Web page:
HOME OF THE LADY DENMAN - Local history isn't always about the big story - the everyday story of life in the early development of the region can be a fascinating, entertaining and educational journey.

22 June 2017

Wrecked on Bowen Island

Monday the 8th of April 1895 3 men arrived on foot at Cape St George
  after walking over rough bush tracks from Bowen Island at the entrance to
Jervis Bay.  At the time the men had been living aboard the fishing smack Carina which had been
anchored in the shelter of Bowen Island for some days. 

At 5 p.m on Saturday the Carina was making her way out to the fishing grounds when she went ashore on the north west corner of Bowen Island and became a total wreck.

The Carina was built in Scotland as a sailing vessel,  being imported by Captain Gascoigne 
aide-De-camp to Lord Carrington during his term as Governor of  New South Wales,  and
was bought out to Sydney on the deck of a sailing vessel.  The Carina sailed in various
races but was unsuccessful.  Captain Gascoigne disposed of the yacht to a Sydney gentleman
and she subsequently became the property of a couple of fishermen who took her to
Jervis Bay and employed her in connection with the coastal fisheries.

The week before becoming a wreck the tug Newburgh met the smack at the bay.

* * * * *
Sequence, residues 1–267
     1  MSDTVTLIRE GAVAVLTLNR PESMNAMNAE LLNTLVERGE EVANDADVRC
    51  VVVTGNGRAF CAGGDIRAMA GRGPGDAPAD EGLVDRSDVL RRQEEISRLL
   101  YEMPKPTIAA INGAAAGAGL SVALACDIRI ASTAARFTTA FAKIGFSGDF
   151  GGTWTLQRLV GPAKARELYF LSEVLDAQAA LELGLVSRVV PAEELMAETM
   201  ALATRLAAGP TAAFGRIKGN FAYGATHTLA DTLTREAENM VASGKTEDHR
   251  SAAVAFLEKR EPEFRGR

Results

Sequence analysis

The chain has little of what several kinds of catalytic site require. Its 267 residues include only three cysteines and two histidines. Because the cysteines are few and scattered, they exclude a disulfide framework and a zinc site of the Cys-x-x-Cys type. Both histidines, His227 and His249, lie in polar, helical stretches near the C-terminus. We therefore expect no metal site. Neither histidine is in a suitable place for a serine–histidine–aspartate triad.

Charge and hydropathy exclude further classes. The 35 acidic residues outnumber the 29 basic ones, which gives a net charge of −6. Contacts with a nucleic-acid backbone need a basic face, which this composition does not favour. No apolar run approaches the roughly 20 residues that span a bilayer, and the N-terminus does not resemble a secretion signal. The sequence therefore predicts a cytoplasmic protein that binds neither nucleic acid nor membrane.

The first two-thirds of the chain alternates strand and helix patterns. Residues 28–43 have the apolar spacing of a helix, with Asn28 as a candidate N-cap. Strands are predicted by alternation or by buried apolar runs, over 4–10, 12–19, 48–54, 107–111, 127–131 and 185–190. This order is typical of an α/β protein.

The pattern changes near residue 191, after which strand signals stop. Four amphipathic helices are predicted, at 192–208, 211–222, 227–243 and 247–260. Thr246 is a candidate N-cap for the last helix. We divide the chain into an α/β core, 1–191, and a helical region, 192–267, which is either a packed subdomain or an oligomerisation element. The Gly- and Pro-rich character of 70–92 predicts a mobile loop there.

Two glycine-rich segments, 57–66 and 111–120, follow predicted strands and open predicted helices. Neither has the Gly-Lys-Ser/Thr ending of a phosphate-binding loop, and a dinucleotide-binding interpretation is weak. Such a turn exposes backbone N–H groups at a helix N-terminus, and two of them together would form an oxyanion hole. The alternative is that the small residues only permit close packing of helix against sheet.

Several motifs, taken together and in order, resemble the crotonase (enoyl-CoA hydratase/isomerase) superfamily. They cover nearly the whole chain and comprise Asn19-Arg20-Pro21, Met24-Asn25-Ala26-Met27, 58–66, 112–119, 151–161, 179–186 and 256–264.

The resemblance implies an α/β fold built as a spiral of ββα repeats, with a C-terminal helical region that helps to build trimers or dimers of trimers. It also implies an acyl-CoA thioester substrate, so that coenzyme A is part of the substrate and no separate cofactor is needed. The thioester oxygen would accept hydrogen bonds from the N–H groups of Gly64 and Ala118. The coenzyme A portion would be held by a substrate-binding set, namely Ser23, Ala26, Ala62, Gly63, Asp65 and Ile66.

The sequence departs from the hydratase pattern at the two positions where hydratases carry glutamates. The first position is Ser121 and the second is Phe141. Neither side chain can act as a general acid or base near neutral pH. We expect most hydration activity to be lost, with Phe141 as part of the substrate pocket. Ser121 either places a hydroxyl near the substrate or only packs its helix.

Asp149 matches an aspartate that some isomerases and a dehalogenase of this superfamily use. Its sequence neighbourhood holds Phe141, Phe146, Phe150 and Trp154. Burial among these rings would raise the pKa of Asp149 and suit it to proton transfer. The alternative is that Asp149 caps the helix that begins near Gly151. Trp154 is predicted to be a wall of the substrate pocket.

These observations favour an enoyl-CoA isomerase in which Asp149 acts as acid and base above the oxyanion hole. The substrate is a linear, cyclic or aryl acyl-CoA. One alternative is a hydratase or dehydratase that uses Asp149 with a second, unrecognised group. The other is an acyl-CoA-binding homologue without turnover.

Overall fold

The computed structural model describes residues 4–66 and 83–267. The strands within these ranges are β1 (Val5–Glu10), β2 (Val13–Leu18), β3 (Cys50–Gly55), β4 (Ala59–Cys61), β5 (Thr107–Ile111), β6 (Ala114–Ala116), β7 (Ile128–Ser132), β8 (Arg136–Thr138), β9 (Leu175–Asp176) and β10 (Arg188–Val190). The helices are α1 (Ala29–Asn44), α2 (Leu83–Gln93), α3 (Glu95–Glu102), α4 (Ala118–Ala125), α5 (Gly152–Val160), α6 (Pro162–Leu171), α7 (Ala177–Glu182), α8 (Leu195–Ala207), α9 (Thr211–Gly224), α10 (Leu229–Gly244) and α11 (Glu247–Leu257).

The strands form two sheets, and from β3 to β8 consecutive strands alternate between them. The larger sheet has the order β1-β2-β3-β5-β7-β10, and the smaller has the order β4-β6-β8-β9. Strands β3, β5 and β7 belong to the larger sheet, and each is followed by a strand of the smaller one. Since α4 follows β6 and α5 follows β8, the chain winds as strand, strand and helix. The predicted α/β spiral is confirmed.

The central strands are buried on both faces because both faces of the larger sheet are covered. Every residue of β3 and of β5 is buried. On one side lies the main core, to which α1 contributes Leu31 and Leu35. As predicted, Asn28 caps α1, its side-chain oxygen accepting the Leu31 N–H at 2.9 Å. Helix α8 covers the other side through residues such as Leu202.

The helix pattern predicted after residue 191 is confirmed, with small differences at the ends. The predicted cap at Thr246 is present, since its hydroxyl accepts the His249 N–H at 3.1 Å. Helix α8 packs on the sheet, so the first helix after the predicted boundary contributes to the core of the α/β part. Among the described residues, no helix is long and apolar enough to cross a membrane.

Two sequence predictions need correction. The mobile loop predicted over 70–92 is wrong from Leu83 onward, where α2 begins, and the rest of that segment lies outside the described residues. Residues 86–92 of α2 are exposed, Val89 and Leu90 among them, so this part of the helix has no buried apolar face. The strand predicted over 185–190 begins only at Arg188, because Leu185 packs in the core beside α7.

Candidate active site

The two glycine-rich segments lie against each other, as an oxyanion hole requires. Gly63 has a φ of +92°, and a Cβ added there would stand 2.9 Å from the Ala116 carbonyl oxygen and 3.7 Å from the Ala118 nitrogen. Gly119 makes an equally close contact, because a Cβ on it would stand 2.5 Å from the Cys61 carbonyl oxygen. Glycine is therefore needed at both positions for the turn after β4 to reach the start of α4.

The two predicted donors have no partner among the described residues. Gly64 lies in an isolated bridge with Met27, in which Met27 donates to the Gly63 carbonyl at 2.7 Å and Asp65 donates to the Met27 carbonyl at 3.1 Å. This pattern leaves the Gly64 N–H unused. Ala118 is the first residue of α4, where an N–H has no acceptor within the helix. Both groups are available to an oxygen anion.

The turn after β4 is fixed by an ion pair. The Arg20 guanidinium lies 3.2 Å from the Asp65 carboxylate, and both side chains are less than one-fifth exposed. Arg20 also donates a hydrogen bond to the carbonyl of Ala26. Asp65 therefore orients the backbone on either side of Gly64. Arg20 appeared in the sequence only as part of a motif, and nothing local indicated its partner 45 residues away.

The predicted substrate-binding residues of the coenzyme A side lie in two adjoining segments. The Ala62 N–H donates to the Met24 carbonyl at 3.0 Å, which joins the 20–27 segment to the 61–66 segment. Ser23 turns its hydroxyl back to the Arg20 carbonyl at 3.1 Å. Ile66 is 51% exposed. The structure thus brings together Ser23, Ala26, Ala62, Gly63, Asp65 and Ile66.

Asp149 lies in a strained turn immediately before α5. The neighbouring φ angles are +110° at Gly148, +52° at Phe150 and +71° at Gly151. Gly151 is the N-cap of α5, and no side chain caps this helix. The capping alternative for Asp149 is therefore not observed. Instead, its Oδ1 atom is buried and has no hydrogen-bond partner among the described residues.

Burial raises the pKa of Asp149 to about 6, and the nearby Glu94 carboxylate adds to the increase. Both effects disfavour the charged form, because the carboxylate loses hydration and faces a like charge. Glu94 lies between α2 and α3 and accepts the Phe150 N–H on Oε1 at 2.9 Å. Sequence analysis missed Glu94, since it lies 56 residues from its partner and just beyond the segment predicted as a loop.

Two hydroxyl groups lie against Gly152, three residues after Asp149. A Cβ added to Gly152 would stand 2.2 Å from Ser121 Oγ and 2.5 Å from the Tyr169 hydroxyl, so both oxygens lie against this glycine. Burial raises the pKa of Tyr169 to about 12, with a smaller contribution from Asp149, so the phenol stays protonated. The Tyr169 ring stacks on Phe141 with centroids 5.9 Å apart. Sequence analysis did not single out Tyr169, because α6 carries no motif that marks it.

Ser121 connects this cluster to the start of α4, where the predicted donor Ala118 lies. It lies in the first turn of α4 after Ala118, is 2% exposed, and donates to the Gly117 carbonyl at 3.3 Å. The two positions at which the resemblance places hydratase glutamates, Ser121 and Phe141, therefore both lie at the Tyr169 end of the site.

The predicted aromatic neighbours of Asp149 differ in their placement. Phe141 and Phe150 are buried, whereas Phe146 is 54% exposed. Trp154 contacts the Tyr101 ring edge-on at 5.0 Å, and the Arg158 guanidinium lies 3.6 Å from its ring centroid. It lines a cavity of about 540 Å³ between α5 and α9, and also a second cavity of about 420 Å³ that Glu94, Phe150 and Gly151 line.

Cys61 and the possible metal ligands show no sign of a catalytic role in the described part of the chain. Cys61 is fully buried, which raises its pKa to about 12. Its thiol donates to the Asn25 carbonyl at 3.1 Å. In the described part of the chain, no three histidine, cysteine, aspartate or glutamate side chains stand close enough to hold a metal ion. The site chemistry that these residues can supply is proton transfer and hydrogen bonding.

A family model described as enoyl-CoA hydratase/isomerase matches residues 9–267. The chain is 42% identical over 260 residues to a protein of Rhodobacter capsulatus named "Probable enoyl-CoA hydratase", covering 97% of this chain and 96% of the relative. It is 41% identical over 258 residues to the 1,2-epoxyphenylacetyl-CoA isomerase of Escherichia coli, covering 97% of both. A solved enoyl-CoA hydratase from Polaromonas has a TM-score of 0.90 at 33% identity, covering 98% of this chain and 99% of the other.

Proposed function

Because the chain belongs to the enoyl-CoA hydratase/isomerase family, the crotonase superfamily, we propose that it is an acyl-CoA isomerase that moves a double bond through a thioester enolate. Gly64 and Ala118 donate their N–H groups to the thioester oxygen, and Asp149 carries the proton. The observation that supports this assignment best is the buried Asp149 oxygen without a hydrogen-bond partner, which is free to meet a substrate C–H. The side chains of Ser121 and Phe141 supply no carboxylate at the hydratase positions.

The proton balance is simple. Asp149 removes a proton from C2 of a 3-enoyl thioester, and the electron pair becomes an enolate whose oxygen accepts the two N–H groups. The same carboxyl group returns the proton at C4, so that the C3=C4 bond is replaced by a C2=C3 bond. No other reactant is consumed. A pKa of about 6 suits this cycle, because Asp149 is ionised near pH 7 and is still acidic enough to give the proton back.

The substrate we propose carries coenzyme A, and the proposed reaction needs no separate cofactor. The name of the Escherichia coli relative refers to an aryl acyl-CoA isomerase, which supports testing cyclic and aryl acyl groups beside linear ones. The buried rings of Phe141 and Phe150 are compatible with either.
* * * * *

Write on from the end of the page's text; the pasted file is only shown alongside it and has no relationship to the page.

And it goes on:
The Carina had just been through a torrid ordeal outside the Bay,  losing two dinghies 
one was carried overboard off the deck,  and the other broke adrift while towing astern. 
The smack also lost a kedge in Jervis Bay.

The Carina carried 4 hands at the time of the incident including a Chinaman  who was
employed curing the fish for the market, all hands were saved.

Meaning -  Kedge - a small anchor.
              -  Fishing smack - a type of traditional fishing boat that has a well amidships. The
well was filled with circulated external water, which kept fish alive until delivered.

The Tug Newburgh,  was a well known Sydney tug used for towing sailing
vessels into Sydney Harbour.  Sydney tugs like the Newburgh would ply the coast north, 
and south as far as Jervis Bay  looking for sailing ships,  charging a fee for towage back
to and inside the harbour. A becalmed ship or a ship under stress could take many
days to get to Sydney Harbour,  stranding valuable cargo at sea, the arrival of a Sydney
tug was a welcome sight.



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